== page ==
Perifer intravenös infart i klinisk rutin : Utveckling av omvårdnadsrutiner för att minska risken för komplikationer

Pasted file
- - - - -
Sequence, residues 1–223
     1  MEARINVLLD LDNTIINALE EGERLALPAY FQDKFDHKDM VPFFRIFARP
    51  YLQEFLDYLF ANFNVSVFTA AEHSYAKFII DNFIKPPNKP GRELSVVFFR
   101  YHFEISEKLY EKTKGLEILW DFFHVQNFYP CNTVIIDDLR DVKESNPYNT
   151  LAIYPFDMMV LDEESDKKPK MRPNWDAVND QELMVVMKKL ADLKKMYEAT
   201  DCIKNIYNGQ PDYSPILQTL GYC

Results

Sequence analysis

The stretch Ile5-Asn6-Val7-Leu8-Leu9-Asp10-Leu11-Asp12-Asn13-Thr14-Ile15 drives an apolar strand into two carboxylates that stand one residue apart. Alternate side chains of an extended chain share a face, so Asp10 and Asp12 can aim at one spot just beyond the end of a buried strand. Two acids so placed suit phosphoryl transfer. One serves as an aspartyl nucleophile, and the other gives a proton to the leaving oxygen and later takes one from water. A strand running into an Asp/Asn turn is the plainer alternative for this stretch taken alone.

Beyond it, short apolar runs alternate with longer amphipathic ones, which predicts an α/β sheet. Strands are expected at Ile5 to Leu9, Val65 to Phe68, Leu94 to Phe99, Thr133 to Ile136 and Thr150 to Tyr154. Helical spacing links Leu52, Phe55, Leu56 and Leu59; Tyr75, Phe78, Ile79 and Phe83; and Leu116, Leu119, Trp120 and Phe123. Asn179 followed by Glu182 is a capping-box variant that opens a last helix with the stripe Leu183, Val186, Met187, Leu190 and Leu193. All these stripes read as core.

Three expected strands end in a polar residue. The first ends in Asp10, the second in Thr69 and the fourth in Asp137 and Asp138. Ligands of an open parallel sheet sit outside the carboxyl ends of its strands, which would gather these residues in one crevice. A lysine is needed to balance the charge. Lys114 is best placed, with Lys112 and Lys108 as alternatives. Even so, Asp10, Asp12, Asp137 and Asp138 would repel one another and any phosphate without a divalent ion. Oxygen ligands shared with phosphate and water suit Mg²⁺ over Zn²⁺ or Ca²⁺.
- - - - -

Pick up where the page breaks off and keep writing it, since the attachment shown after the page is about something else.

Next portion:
Sammanfattning: The general aim was to study the way nurses plan, take care of and document a peripheral intravenous cannula (PIV) line related to complications, and to give a basis for quality assurance in surgery and internal medicine wards. The methods used were examination of patients' records, interview of patients and nurses, and observation of the cannula and its insertion area. An analysis of risk factors was also performed. The sample included 300 patients with 501 inserted peripheral cannulae, as well as nurses. The patients were followed from the day of insertion until the day the insertion area and the vein were free from symptoms.A significantly higher frequency of thrombophlebitis and severe long-term problems were found in patients treated by nurses without special training than among those with (p<0.001 ). The complication risks increased after long time in situ and were especially high when hypertonic drugs, solutions, or anticoagulants were given. Complications could exist up to six months. The care and handling decreased with time in situ and the cannulae were not always removed or documented. The intention was that a cannula should be inserted less than three days, but nurses were aware that the PIV remained in situ longer. Bad routines and neglected areas were said to be the reasons. Discomfort reported by the patients could be directly referred to technical mistakes or/and bad routines. When asked what governed the work with PI Vs the most decisive factors in the case of PIV were said to be knowledge 86%, experience 83%, and routine 32%. Educated nurses performed more satisfactory care and handling. No significant difference could be found between the nurses· years of experience and care and handling of PIV.A gap was shown between nursing research and nurses practice. The findings were not in accordance with, or based on, well-tried experience or scientific performance and diverges from "good knowledge" and '"good care". Reflection over current routines should be of value. One example of a good routine to reduce infections is daily change of the cannula. The conclusion is that the nurse has to be technically and theoretically acquainted with the subject.Nursing care demands special competence and relevant knowledge to enable nurses to assess and give satisfactory care in relation to patients" needs. Good nursing care should include prevention of pain and discomfort, be planned and implemented in a secure way, and also follow research and development in this area so that new knowledge and experience can be brought into the profession.
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